In my previous article in this series, I introduced the phenomenon of sexual addiction, and outlined its effects on both men and women. This article builds on that discussion by providing a vignette of a first-time visit to a therapist by a couple who have been affected by sex addiction.

The following transcript is a compilation of what may typically occur in therapy. It describes a first-time appointment for a couple who are struggling with pornography use by one of the partners, in this case the husband as that is the most common scenario.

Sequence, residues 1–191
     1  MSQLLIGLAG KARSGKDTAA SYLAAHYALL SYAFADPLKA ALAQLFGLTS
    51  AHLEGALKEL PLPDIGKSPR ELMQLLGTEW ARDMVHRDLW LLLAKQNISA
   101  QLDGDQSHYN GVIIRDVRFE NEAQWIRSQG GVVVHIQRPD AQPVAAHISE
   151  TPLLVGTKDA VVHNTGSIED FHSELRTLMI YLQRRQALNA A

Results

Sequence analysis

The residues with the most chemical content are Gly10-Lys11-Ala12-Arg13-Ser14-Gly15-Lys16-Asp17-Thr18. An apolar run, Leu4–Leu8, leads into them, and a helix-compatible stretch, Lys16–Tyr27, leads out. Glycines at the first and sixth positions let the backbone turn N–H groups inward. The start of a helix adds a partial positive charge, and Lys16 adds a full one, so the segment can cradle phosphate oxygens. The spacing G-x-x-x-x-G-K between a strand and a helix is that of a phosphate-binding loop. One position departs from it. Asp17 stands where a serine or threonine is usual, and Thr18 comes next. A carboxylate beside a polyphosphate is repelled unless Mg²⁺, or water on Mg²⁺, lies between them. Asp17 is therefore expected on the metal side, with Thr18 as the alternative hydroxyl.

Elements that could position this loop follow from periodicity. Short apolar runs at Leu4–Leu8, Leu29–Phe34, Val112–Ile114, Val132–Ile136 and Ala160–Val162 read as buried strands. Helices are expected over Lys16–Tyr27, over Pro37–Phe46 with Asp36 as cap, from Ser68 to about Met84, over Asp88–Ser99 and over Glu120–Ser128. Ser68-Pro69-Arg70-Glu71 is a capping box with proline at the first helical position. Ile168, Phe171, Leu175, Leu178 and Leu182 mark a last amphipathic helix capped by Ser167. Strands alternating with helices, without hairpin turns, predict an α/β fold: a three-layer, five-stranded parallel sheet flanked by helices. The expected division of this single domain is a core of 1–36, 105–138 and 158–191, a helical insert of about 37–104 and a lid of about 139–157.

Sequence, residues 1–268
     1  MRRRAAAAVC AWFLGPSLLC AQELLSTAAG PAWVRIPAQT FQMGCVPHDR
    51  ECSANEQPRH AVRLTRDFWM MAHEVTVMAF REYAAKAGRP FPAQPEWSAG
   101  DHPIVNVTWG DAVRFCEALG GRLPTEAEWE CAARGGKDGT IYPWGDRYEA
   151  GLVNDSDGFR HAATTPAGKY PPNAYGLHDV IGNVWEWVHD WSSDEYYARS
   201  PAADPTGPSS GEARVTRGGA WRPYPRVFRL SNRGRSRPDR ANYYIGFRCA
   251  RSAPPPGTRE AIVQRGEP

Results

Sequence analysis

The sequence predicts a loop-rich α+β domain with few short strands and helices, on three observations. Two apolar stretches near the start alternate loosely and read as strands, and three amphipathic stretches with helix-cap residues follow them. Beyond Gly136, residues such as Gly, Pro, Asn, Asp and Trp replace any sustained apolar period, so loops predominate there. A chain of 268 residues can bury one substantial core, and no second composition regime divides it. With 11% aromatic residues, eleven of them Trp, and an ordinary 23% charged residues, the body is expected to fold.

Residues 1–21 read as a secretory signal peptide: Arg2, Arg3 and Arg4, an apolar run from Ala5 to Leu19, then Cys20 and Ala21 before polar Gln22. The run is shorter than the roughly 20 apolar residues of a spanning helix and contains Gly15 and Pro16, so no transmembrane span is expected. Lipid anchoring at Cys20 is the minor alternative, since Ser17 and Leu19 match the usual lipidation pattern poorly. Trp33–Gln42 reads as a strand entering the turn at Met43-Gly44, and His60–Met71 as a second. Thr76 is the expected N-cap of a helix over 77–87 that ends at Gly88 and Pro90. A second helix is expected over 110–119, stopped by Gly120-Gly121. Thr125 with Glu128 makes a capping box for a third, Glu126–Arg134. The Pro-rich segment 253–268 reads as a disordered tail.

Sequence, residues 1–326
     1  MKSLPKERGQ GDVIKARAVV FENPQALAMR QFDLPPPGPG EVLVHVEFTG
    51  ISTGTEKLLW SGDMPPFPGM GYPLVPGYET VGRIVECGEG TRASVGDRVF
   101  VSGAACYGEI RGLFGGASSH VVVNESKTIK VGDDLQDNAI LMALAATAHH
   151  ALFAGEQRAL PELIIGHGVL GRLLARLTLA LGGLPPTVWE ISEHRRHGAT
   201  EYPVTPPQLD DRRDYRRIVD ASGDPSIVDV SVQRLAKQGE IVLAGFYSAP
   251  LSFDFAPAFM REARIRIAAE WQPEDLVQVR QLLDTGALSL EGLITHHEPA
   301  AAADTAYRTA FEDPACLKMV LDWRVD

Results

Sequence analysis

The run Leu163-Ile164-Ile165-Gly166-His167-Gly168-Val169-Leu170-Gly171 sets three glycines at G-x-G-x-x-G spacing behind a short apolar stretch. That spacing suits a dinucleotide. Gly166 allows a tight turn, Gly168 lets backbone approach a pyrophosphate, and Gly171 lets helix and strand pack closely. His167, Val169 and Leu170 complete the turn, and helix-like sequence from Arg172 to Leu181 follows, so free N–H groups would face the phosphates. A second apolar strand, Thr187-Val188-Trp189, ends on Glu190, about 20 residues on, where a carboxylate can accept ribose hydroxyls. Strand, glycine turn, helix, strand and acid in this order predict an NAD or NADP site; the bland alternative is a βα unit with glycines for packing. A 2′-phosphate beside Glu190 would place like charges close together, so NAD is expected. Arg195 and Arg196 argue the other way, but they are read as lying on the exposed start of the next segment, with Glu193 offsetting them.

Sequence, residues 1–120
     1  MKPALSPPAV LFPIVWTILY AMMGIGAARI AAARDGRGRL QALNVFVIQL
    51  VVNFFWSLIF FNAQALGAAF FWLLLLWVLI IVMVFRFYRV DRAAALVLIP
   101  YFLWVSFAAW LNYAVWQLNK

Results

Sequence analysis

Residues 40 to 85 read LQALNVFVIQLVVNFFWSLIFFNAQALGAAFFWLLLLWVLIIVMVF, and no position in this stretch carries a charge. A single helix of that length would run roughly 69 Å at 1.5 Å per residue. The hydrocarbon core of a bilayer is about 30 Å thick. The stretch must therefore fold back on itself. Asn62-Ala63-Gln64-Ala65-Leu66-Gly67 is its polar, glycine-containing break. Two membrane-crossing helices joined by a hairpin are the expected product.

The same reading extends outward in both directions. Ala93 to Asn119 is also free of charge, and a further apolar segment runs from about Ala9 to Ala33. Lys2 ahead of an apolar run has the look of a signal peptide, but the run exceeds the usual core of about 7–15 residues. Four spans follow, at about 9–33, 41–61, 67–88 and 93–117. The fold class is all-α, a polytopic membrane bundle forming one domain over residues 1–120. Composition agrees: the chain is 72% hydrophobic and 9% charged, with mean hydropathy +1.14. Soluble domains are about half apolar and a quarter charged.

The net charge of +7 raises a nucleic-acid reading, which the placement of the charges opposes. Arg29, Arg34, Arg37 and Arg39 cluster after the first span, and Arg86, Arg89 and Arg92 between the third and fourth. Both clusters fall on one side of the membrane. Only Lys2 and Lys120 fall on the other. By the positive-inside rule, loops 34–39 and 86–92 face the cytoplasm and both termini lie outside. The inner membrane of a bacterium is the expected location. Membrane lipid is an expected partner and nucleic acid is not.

Sex Addiction in the Counseling Room

Therapist: Why are you both here?

Sally: We came because I am angry and can’t go on any more like we are. He spends hours on the computer looking at who knows what. He never initiates sex. And he’s distant to the kids.

T (to husband): Why are you here? Now I know why she is here.

Phil: It’s really not that bad. She’s exaggerating. Yeah, I spend some time online, but I’m doing okay.

Sally: Do you really think that…?

T: Let me interrupt for just a moment. Phil, it’s obvious she is extremely frustrat...